A sound-sensitive source of alpha oscillations in human non-primary auditory cortex.J Neurosci 2019JN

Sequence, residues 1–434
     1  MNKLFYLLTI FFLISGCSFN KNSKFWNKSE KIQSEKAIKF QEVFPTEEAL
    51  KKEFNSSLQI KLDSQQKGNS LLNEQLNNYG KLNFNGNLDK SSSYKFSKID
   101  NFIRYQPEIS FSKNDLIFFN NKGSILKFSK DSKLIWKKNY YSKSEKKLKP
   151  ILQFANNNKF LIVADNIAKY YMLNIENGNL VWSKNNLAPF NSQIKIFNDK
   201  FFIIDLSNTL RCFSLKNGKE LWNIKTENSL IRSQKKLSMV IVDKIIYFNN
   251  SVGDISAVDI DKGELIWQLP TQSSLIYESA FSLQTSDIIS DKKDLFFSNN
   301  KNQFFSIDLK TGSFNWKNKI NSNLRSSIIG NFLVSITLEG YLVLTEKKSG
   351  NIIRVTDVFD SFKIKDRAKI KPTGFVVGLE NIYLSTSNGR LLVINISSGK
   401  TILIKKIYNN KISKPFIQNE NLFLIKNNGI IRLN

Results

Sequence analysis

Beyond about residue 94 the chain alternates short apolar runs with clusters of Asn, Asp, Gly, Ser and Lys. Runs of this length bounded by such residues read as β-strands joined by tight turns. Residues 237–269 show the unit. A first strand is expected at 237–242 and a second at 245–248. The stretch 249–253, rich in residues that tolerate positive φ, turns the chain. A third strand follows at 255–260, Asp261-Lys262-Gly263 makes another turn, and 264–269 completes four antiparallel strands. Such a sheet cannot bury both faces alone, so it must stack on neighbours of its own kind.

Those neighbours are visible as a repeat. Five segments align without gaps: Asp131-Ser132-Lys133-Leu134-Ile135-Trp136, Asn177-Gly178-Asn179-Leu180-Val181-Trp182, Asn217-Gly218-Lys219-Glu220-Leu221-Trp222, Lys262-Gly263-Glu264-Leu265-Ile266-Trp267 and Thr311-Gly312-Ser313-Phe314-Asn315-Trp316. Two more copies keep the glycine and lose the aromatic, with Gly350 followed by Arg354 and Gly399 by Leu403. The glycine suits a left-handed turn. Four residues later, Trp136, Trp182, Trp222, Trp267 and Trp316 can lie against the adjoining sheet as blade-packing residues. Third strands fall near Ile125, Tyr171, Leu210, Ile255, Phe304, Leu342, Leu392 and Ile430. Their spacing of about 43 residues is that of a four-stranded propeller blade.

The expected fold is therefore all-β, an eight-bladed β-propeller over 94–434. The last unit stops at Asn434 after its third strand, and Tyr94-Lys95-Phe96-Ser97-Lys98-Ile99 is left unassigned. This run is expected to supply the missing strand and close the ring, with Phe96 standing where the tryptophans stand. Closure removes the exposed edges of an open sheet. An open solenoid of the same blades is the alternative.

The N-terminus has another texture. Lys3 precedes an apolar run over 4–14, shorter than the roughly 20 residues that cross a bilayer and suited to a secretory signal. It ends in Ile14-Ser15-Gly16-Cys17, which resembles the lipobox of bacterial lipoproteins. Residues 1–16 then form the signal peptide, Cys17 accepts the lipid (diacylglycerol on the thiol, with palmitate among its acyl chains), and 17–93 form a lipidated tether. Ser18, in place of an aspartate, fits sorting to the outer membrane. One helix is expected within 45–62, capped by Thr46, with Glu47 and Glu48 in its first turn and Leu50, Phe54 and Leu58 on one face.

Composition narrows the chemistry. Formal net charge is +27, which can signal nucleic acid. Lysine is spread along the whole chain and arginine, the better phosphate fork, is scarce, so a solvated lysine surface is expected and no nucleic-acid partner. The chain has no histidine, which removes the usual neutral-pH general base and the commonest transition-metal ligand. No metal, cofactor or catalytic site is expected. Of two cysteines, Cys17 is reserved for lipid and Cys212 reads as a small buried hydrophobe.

The functional organization of human auditory cortex can be probed by characterizing responses to various classes of sound at different anatomical locations. Along with histological studies this approach has revealed a primary field in posteromedial Heschl's gyrus (HG) with pronounced induced high-frequency (70-150 Hz) activity and short-latency responses that phase-lock to rapid transient sounds. Low-frequency neural oscillations are also relevant to stimulus processing and information flow, however their distribution within auditory cortex has not been established. Alpha activity (7-14 Hz) in particular has been associated with processes that may differentially engage earlier versus later levels of the cortical hierarchy, including functional inhibition and the communication of sensory predictions. These theories derive largely from the study of occipitoparietal sources readily detectable in scalp electroencephalography. To characterize the anatomical basis and functional significance of less accessible temporal-lobe alpha activity we analyzed responses to sentences in seven human adults (four female) with epilepsy who had been implanted with electrodes in superior temporal cortex. In contrast to primary cortex in posteromedial HG, a non-primary field in anterolateral HG was characterized by high spontaneous alpha activity that was strongly suppressed during auditory stimulation. Alpha-power suppression decreased with distance from anterolateral HG throughout superior temporal cortex, and was more pronounced for clear compared to degraded speech. This suppression could not be accounted for solely by a change in the slope of the power spectrum. The differential manifestation and stimulus-sensitivity of alpha oscillations across auditory fields should be accounted for in theories of their generation and function.SIGNIFICANCE STATEMENTTo understand how auditory cortex is organized in support of perception, we recorded from patients implanted with electrodes for clinical reasons. This allowed measurement of activity in brain regions at different levels of sensory processing. Oscillations in the alpha range (7-14 Hz) have been associated with functions including sensory prediction and inhibition of regions handling irrelevant information, but their distribution within auditory cortex is not known. A key finding was that these oscillations dominated in one particular non-primary field, anterolateral Heschl's gyrus, and were suppressed when subjects listened to sentences. These results build on our knowledge of the functional organization of auditory cortex and provide anatomical constraints on theories of the generation and function of alpha oscillations.